Email service providers should kill off the bitcoin extortion scam

Like everyone else with an email address, I’ve been receiving these bitcoin extortion messages for months. I’ve also observed with ever greater dissatisfaction as scammers raked in tens of bitcoins within a week. What especially annoys me is not so much that people are falling for this scam, but that email service providers are simply looking the other way.

From what I’ve observed, the most successful variants of the scam campaign takes advantage of existing data breaches to combine your email address with a previously used and compromised password:

Bitcoin extortion message

A Bitcoin extortion email released from quarantine for your viewing pleasure.

I don’t really care how trivial it’s technically to both perform and reveal this scam because those extortion messages have no business ending up in your users’ inboxes. I find sysadmins who argue that this extortion scam wouldn’t be a problem if their users just weren’t so darn stupid, to be both incompetent and useless.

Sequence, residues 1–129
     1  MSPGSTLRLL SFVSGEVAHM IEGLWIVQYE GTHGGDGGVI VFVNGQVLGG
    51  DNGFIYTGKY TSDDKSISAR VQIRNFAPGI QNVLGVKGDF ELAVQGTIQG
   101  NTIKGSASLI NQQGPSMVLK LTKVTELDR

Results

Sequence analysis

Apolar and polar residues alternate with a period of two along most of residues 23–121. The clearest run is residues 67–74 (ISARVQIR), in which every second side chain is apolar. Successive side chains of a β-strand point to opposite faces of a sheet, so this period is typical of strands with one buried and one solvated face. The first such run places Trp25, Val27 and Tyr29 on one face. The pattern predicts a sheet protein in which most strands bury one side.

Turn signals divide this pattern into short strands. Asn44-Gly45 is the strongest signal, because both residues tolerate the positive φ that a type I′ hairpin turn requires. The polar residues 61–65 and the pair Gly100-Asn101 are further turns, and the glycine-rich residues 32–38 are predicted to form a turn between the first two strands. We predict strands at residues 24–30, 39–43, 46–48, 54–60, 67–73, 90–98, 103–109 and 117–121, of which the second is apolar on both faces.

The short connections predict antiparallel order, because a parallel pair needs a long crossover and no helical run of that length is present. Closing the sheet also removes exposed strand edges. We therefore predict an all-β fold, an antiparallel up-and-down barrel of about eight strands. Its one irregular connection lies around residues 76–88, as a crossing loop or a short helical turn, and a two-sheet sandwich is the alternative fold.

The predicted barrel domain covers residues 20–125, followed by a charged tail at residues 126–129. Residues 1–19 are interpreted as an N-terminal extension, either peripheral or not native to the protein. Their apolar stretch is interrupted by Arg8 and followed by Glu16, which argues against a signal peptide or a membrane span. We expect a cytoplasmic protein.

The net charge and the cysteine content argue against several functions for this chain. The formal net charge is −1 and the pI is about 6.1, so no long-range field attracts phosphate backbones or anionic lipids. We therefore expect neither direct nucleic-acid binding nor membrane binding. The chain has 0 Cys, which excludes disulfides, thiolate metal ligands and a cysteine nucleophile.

I believe those aforementioned sysadmins would be better off by spending some time doing their actual job. Why not replace those old email servers that EOL’d back in 2013. And while you’re at it, I’d also like to suggest the following search phrase between coffee breaks: SPF+DKIM+DMARC.

Implementing email security standards makes it easy to reject and quarantine these bitcoin extortion messages before they ever reach the end user:

Bitcoin extortion blocked with Rspamd

No valid SPF or DKIM caused this extortion mail to be rejected. Yup, it’s really that easy.

I would recommend calling your email service provider if your mailbox is getting flooded with these extortion scams (without them being labeled as spam) and ask them to get their shit together. Or even better yet, find an email service provider that actually cares about your privacy and security.

Roger Comply avatar
Roger Comply
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